A few days back I was staying at a hotel directly opposite the University of Nairobi [Kenya], where the UNHCR (United Nations High Commissioner for Refugees) was delivering a lecture on the refugee situation in Kenya.
I decided to sit in and find out for myself whether the pencil-pusher stories would prove themselves correct. A friend of mine, who’s completely devastated by the internal workings of the UNHCR and its apparent inability to make changes, is quitting because she can’t make an impact. Surely there is more to the UNHCR than compiling reports?
But before we get in deeper, it’s worth noting that the UNHCR defines a refugee as:
Persons recognized as refugees under the 1951 UN Convention/1967 Protocol, the 1969 OAU Convention, in accordance with the UNHCR Statute, persons granted a complementary form of protection and those granted temporary protection. It also includes persons in a refugee-like situation whose status has not yet been verified.
The auditorium was packed and we waited for the bigwigs to drag their fat butts from equally large 4WD. Only sixty minutes late — not bad for Africa, but I expected more from the UN. Making a thousand people wait without so much as an explanation is enough to dampen any enthusiasm.
There were dignitaries from the Kenyan government, University of Nairobi, UNHCR representatives from surrounding countries and one Somali woman, who at the age of six came to Kenya as a refugee.
It was hard not to notice the camaraderie between representatives. Jokes and innuendos flowed freely and the atmosphere was a bit too jovial; perhaps a conscious realization of the mission’s futility in the wake of strong opposition — I would have expected forward-thinking optimism.
We were ready to sink our teeth into the content and it did appear as though the panel was eager to present. The MC however, in his clear preppy accent, embarked on lengthy introductions and general ass kissing that would further delay the delivery for thirty minutes.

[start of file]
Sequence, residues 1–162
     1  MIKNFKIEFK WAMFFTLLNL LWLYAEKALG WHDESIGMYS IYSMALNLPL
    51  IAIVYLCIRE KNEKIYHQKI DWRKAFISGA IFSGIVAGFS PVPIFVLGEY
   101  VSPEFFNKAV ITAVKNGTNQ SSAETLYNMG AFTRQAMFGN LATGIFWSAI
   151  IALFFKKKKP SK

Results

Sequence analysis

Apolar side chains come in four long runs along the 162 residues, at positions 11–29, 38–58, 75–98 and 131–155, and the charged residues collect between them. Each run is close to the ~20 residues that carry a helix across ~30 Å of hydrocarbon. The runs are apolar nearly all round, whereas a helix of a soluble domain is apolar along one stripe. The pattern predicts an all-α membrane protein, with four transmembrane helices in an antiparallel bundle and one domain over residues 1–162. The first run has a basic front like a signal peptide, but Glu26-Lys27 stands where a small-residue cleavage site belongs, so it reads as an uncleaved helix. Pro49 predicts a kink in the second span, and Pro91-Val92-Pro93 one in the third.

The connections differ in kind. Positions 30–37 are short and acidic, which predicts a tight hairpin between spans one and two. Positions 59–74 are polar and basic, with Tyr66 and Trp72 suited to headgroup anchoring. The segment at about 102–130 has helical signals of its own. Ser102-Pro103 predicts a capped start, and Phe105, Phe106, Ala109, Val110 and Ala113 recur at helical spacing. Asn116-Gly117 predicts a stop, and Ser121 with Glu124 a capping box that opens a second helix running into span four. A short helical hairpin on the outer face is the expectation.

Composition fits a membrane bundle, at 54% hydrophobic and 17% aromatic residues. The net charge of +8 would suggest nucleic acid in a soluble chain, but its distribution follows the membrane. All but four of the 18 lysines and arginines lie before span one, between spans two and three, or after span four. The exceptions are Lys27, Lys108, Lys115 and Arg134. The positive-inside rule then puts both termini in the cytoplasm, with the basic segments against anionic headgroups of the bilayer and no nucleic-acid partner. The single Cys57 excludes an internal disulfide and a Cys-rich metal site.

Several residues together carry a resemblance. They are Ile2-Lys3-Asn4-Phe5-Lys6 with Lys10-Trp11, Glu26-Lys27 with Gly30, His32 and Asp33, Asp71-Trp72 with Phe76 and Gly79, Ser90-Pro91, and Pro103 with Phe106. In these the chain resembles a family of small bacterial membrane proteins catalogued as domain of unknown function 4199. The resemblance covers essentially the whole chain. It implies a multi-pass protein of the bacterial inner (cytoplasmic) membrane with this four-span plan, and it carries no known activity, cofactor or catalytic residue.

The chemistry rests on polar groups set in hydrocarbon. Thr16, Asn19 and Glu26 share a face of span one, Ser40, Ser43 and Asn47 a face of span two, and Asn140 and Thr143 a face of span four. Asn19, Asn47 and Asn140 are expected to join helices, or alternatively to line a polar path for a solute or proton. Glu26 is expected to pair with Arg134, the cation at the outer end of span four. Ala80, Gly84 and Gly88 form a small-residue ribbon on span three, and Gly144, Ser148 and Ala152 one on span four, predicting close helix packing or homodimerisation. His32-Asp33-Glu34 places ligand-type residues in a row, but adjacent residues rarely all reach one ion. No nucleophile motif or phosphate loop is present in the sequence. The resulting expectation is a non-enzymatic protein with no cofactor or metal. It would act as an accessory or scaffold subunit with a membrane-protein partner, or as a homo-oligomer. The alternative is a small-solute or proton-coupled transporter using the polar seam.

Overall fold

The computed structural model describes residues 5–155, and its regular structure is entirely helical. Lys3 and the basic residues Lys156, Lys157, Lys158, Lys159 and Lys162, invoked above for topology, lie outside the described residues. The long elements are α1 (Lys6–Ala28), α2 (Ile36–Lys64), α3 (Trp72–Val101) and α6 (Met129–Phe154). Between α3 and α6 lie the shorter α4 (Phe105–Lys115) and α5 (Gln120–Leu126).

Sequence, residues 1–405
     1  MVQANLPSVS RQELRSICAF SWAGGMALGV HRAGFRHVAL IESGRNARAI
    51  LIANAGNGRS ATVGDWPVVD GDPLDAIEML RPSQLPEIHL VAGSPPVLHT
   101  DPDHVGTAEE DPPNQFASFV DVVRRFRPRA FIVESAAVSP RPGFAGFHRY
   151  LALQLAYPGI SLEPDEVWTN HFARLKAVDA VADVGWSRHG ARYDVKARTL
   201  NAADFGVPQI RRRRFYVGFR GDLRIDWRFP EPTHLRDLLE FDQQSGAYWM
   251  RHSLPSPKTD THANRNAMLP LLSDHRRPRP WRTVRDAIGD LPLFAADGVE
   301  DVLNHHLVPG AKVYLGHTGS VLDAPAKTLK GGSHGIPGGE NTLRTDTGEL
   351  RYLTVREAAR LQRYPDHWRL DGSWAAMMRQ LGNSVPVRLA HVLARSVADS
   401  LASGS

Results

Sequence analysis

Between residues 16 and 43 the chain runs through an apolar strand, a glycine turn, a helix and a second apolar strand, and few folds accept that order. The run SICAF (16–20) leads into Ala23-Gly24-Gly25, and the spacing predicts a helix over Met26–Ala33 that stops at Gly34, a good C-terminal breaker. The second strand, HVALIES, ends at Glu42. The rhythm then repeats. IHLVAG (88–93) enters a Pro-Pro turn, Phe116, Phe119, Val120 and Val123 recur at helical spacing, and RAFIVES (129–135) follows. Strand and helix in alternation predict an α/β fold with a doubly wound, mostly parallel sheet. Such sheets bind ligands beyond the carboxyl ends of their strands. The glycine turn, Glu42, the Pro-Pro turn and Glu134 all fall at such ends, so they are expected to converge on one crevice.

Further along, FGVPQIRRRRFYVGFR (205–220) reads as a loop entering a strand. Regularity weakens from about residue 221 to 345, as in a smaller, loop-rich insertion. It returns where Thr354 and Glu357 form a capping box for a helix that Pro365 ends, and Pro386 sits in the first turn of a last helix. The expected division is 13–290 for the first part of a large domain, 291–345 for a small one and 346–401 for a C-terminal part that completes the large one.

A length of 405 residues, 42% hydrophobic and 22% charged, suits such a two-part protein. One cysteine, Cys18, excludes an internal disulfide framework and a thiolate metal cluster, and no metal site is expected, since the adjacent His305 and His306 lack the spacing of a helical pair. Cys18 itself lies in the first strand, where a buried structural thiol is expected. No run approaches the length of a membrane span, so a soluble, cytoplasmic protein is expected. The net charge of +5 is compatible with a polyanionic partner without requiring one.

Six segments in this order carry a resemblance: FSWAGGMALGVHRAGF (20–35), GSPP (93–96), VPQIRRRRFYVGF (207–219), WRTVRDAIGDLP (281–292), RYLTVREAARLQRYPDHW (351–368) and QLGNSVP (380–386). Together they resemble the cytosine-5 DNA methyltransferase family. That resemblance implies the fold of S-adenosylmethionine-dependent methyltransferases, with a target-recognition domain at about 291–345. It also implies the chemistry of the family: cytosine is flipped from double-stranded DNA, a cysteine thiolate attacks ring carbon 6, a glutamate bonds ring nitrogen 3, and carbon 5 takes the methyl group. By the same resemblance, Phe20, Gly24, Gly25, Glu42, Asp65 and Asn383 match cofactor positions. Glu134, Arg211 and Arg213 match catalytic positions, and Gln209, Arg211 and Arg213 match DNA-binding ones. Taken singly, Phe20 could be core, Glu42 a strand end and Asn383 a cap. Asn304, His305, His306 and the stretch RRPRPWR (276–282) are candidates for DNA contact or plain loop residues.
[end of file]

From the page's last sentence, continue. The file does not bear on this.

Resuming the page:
That being done, one of the speakers gave stark realities of the Kenyan refugee situation. The three main camps, with a combined capacity of 90,000, are now accommodating almost 300,000 people. The vast majority of camp residents are Somali women and children; some having walked over 1000 km from Mogadishu towards safety.
The facilities are stretched beyond breaking point, resources are virtually non-existent, the surrounding forests decimated for 40km in each direction and general living conditions — for the most part — are unfit for human habitation. It is little wonder that some are forced to flee the camps in search of jobs and a better life in Kenyan cities?
It is here, away from the camps, that exploitation and human rights abuse is at its highest. Local businesses, opportunists, police and crooks, extort, beat, cheat and sometimes imprison those that won’t “cooperate”.
Most refugees don’t have official papers, nor do they hold authentic work permits — making them easy targets for anyone with a rudimentary knowledge of Kenyan red tape.